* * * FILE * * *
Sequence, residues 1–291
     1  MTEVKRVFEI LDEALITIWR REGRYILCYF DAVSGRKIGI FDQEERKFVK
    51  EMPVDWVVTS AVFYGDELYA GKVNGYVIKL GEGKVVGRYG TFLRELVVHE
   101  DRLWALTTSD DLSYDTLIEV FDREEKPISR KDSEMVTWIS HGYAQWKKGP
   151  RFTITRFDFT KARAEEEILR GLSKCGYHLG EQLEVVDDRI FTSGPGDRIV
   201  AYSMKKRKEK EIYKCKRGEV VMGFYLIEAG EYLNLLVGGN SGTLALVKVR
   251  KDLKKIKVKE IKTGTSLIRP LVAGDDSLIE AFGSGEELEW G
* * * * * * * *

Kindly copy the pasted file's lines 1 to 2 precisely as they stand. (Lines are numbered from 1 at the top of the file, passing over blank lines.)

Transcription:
Sequence, residues 1–291
     1  MTEVKRVFEI LDEALITIWR REGRYILCYF DAVSGRKIGI FDQEERKFVK